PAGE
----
In 1955, eighteen-year-old Janet Jones keeps the love she shares with her best friend Marie a secret. It’s not easy being gay in Washington, DC, in the age of McCarthyism, but when she discovers a series of books about women falling in love with other women, it awakens something in Janet. As she juggles a romance she must keep hidden and a newfound ambition to write and publish her own story, she risks exposing herself—and Marie—to a danger all too real.
Sixty-two years later, Abby Zimet can’t stop thinking about her senior project and its subject—classic 1950s lesbian pulp fiction. Between the pages of her favorite book, the stresses of Abby’s own life are lost to the fictional hopes, desires and tragedies of the characters she’s reading about. She feels especially connected to one author, a woman who wrote under the pseudonym “Marian Love,” and becomes determined to track her down and discover her true identity.
In this novel told in dual narratives, New York Times bestselling author Robin Talley weaves together the lives of two young women connected across generations through the power of words. A stunning story of bravery, love, how far we’ve come and how much farther we have to go.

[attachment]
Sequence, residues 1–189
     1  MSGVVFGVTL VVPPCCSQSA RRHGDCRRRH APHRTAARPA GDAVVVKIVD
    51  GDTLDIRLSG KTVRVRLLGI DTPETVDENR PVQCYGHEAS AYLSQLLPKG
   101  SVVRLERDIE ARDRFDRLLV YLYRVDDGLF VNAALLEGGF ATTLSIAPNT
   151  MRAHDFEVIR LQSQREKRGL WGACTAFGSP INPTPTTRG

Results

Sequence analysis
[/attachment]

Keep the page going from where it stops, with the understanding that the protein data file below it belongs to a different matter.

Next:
In 1955, aspiring author Janet, a sheltered teen living in Washington, D.C., has no words for what she feels for her best friend, Marie, and she's living through the Lavender Scare that forced LGBTQ people out of government jobs. When she finds a lesbian novel at a bus station, she's inspired to write one herself. Sixty-two years later, high school senior Abby lives in the same city; her love life is hard because her girlfriend dumped her, not because anyone disapproves. Abby has long written fan fiction, and when she discovers lesbian pulp novels from the 1950s and early '60s, she's enthralled and sets out to examine the genre. The books are rule-bound the women must straighten out or die tragically but one tells a love story that Abby can't stop thinking about, particularly because she's trying to understand whether love can last. Talley (Our Own Private Universe) toggles effectively between excerpts from Janet's book, the two women's lives, and Abby's research as the stories draw together. Though secondary characters feel underdrawn, the tale is original and delivers some interesting LGBTQ history, and the tone of the novels within it is pleasantly pulpy. Ages 12 up.
This is such a wonderful book! Well written and very interesting 😍